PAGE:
ThreeJS Fake Intersection Effect

A breakdown of how to create an intersection effect

I wasn't quite sure how to make this demo work. It was very last minute, and I was running out of time. But I knew the task of the demo was to somehow get the intersection of the hand and an invisible wall.

If you are a creative developer looking to learn instancing and making demos like the Shaders and gradients demo. I'm pre-releasing the first half of my "Mastering Instancing for Creative developers" course for newsletter subscribers.

It's an excersize heavy course were we'll be making the two demos above while learning about instancing. For the early birds, who get the full course before it officially releases next week, you get a discount of 20%. Get the course here!

At first, I thought, and tried, a classic outline technique would help. It was quickly apparent it would not. The problem was that if I rendered the part of the hand in front of the wall, and then got the outline, then I would have the outline of everything in front, not just a specific wall intersection.

That failed experiment gave me the key insight. To begin, I needed a second render. Then, I needed that render to only keep the intersection, both the front and back needed to be removed. Very roughly, I did just that in the hand's fragment shader, clipped based on depth.

Then exclaimed, "That worked!". Soon followed by the realization of the folly of my overengineering "Isn't this what the camera's near/far already do?


Usually, I refrain from doing full black-and-white things. But this time I wanted to do something with lines and contrast with small big significant splashes of color.

The first demo I made was very inspired by the first image on the left. But when the topic of the newsletter changed, I decided on the hand-through wall idea.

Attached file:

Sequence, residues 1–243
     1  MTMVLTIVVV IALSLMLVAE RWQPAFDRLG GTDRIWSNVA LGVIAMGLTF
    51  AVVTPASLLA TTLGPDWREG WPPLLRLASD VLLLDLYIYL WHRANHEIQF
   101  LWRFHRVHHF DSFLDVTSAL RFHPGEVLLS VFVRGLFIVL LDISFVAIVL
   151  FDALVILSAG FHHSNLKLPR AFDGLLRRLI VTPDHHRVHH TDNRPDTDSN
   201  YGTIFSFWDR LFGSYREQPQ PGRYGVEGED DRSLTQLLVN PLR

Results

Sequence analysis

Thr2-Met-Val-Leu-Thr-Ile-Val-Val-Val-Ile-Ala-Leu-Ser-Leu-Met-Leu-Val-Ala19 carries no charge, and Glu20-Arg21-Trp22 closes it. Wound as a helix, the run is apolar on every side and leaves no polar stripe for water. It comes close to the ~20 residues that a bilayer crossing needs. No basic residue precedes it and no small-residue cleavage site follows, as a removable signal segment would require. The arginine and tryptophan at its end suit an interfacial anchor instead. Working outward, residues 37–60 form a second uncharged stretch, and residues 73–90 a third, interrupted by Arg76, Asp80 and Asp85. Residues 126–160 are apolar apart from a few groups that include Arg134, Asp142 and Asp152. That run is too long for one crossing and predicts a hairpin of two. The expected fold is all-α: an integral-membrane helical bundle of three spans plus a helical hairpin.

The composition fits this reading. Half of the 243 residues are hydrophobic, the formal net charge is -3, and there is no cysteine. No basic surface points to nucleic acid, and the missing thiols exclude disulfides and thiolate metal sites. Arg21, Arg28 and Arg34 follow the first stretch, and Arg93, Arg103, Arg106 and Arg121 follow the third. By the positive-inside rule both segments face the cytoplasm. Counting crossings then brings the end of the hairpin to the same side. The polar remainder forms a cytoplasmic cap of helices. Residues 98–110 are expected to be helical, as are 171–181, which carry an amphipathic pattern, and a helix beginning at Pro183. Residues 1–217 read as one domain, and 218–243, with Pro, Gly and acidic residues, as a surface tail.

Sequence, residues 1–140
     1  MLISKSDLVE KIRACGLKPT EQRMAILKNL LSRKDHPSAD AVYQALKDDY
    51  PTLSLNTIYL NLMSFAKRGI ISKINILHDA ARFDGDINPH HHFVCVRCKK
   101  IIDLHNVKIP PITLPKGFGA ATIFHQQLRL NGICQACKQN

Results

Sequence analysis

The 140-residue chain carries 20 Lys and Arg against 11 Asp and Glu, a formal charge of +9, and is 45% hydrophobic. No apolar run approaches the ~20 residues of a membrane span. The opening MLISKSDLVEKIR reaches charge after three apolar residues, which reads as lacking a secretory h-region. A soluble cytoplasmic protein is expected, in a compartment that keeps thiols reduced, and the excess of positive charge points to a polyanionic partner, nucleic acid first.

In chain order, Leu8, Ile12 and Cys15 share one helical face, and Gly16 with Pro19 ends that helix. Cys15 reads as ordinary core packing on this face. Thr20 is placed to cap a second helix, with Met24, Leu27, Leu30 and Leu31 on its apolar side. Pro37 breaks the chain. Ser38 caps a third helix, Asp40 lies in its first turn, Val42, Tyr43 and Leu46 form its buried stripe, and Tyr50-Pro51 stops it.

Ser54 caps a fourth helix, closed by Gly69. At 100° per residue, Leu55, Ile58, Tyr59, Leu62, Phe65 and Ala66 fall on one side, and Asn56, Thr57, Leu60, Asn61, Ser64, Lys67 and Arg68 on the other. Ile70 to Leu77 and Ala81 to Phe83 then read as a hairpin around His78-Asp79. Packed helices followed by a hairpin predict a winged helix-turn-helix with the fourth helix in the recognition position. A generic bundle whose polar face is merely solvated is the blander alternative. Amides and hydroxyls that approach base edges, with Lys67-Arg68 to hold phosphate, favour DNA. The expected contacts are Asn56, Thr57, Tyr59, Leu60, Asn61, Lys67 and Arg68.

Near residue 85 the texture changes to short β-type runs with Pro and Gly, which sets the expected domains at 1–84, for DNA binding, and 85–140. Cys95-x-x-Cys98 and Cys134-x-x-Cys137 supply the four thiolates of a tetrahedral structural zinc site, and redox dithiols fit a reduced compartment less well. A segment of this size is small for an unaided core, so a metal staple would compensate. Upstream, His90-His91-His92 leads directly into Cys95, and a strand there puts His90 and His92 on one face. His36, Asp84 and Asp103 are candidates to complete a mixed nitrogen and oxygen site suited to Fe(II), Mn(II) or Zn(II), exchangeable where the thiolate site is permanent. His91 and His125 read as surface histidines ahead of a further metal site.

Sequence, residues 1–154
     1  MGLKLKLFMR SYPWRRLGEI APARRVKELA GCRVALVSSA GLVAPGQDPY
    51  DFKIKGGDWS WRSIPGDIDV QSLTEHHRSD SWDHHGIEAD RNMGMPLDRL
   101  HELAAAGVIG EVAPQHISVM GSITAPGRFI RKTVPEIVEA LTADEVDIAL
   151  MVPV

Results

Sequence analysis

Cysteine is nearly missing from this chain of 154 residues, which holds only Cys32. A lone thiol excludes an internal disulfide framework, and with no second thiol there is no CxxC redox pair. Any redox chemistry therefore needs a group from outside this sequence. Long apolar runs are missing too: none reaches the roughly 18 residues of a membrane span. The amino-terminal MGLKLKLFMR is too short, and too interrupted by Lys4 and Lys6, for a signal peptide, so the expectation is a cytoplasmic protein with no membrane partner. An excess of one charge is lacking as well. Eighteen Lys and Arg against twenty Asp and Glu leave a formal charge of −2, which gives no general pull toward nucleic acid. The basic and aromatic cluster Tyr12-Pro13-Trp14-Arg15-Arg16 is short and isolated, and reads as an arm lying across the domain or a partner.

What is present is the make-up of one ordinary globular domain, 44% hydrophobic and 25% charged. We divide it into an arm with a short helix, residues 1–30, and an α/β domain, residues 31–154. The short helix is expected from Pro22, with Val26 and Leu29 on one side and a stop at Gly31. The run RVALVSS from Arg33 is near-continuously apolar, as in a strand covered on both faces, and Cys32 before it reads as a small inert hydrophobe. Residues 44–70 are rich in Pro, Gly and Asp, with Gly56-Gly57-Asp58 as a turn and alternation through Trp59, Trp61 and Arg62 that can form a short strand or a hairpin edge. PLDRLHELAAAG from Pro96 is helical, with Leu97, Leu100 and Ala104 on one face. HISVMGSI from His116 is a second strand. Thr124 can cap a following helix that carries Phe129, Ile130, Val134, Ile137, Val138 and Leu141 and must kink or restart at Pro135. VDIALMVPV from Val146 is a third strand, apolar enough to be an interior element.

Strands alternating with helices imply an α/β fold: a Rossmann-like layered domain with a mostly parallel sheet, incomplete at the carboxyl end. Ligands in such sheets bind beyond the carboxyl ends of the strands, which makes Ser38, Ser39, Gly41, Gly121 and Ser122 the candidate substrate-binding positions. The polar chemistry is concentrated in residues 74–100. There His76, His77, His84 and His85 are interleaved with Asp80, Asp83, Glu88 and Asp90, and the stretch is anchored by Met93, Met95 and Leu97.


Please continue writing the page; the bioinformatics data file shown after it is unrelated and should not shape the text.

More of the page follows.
Become a sponsor with your sponsor spot here!

Promote your product/company in this spot to hundreds of creative developers interested in learning and creating. One spot per issue!

Case study

Fake wall Intersection

This demo has only two meshes. The hand, and a plane acting as the "wall". However, the meshes don't interact with each other.

Here you can see that even without the wall, the hand effect still applies. The Wall exists only as a surface to draw color GPGPU effects.


Depth coloring

The hand handles the "intersection color" itself in the shader via a quick and dirty depth check inside it's own shader. I just changed the value til it matched with the wall.

if(vDepth < 0.4){
// Fade the side behind the wall.

Clipped rendering

The scene is rendered twice, with a GPGPU simulation in between.

The first render is an orthographic camera that represents the "wall". It has a really tight rendering space: its near is 2.501, and its far is 2.6. This camera only sees objects a really small slice of the world in between the 2.5 and 2.6. This is the exact point where the wall intersects with the hand.

This slide is what "sort-of" gives us the edges of the geometry at the wall intersection point. This is what that camera sees:


GPGPU Expansion

Then, with the edges extracted, the GP-GPU step takes the texture, blends nearby pixels to "expand" the color, and also fades it over time to avoid the whole screen being filled with color.

vec4 current = texture2D(tMap, vUv );
average += current;
average += texture2D(tMap, vUv + vec2(0., texel));
average += texture2D(tMap, vUv + vec2(0., -texel));
average += texture2D(tMap, vUv + vec2( texel, 0.));
average += texture2D(tMap, vUv + vec2( -texel, 0.));
average /= 5.;

The result itself looks like a whole lote of nothing. But when combined with color and then the hand model, it starts to shine